2018 Darwin Awards: Teen Shot In Face As Part Of Social Media Challenge
A 17-year-old in Texas shot a 16-year-old in the face — all because of the social media-fueled “No Lackin challenge.”
On June 10 in Grimes County, Texas, 17-year-old Raul Garcia Jr. and a 16-year-old friend (whose name has not been released) were driving around when they decided to play the No Lackin challenge, also known as the You Lackin challenge.
Not many people have heard of it, but this dangerous challenge has surfaced a few times on YouTube and the like over the past year. It involves one person pointing a gun at another person and asking, “You lackin?” Then, the other person is to pull out their own gun, point it at the first person’s face, and reply “no.”
Now, the challenge doesn’t involve ever pulling the trigger, but that’s not how things happened for Raul Garcia Jr., reported local CBS7 news.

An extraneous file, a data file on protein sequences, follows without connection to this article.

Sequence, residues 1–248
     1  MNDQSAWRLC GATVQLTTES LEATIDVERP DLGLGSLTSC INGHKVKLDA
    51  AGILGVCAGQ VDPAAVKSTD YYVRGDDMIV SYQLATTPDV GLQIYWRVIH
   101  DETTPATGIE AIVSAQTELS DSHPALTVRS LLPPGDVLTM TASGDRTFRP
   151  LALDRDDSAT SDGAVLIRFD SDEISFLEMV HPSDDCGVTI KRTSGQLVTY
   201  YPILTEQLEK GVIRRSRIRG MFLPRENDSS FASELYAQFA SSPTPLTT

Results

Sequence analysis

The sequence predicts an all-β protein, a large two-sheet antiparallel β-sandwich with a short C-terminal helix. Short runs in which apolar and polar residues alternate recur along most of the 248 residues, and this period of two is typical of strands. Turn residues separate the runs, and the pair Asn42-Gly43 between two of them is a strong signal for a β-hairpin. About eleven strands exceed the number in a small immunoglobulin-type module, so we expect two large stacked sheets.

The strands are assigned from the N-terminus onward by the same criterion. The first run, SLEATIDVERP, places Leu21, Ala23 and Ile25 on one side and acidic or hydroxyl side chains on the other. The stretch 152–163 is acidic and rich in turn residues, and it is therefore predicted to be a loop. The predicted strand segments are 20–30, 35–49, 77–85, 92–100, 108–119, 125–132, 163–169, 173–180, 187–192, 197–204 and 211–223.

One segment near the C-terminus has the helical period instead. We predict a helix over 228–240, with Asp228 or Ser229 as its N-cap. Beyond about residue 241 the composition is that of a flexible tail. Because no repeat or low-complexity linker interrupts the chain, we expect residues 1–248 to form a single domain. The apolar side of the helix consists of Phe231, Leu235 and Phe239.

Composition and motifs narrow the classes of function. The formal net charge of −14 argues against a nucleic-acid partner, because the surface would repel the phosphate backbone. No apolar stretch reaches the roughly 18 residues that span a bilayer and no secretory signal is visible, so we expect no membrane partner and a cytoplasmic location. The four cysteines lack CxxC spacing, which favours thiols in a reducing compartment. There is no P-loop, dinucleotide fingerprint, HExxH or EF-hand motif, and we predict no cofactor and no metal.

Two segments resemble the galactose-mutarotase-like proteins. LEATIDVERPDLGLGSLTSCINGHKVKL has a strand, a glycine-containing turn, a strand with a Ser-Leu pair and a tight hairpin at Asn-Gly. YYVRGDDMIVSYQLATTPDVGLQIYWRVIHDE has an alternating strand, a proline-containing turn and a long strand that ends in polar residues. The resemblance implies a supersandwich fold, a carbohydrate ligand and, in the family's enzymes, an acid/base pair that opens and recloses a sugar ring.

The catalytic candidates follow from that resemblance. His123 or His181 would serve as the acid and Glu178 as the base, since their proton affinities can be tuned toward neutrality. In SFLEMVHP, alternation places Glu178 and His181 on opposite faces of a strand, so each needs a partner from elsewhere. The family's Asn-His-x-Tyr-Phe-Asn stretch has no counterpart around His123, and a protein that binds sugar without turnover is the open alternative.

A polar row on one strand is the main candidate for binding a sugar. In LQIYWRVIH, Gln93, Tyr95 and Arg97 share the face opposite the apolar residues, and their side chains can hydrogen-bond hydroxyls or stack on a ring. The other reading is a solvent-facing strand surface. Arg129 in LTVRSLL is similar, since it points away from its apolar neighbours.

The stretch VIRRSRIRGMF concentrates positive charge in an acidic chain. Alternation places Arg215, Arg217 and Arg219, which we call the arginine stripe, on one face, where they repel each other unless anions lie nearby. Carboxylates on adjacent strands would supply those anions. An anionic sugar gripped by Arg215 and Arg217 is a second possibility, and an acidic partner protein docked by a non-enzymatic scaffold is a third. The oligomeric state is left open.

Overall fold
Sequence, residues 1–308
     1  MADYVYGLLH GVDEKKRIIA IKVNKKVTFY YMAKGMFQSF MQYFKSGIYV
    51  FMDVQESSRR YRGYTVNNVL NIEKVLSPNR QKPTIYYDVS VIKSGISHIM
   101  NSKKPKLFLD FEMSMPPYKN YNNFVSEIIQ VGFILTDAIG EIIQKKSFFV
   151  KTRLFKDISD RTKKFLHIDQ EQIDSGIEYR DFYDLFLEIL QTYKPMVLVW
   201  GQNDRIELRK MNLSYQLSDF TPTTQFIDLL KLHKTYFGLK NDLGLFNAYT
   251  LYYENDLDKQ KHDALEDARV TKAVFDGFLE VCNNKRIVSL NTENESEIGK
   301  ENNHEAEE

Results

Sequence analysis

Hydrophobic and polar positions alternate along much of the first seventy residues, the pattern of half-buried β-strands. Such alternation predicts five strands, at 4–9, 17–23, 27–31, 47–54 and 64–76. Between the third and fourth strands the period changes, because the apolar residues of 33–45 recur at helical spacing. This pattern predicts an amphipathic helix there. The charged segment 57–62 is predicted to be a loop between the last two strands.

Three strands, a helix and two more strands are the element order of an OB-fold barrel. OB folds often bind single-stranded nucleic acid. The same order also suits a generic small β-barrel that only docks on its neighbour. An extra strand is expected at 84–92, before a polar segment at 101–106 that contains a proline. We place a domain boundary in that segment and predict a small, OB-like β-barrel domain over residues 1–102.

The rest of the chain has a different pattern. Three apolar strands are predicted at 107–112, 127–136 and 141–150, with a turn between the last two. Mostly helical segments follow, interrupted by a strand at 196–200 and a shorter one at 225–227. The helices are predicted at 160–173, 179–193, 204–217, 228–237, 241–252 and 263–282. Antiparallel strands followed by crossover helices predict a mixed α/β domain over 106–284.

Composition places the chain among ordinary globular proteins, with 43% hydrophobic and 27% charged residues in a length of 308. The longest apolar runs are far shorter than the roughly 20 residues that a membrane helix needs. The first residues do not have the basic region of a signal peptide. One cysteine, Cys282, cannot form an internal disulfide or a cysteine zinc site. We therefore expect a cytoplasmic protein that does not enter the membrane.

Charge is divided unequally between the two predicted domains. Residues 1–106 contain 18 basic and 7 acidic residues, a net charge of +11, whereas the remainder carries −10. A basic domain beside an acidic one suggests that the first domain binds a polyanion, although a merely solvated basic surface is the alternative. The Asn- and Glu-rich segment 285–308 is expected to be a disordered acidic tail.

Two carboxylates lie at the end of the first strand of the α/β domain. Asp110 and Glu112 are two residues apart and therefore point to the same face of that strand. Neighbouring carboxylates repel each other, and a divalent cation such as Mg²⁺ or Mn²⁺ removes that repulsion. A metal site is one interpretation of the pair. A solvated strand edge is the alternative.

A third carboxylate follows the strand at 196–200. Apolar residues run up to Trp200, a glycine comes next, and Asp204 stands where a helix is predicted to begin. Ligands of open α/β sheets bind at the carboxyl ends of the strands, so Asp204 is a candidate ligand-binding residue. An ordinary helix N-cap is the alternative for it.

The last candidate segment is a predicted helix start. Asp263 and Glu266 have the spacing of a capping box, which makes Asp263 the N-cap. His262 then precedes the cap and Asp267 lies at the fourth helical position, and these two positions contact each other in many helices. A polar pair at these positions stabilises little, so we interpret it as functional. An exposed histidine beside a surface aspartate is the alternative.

Grimes County Sheriff’s Office investigator Kindale Pittman said that the two boys were playing the No Lackin challenge when the car hit a bump and Garcia accidentally shot his friend in the mouth.
Garcia then called 911 saying that his friend had been shot, but the cell phone connection was lost during the call. By the time the Grimes County dispatchers were able to make contact with him again, Garcia said he was driving his 16-year-old friend to a hospital in Huntsville.
Law enforcement met the two teenagers at the hospital. The victim survived and was taken in for treatment, while Garcia was taken into custody on an aggravated assault with a deadly weapon charge. A second-degree felony, it’s punishable by two to 20 years of confinement and fines up to $10,000. Garcia has since been released on $3,000 bond.
The victim was reported as being in stable condition.
This isn’t the first time the No Lackin challenge has caused life-threatening consequences. In January, a 17-year-old from Memphis was rushed to the hospital after he was accidentally shot in the head by his friend’s .40-caliber handgun while participating in the game.
“Guns aren’t toys,” Pittam said. “I would highly recommend to parents to monitor their children’s social media to determine what they’re looking at. If they were to find something that’s concerning, sit down and talk with them.”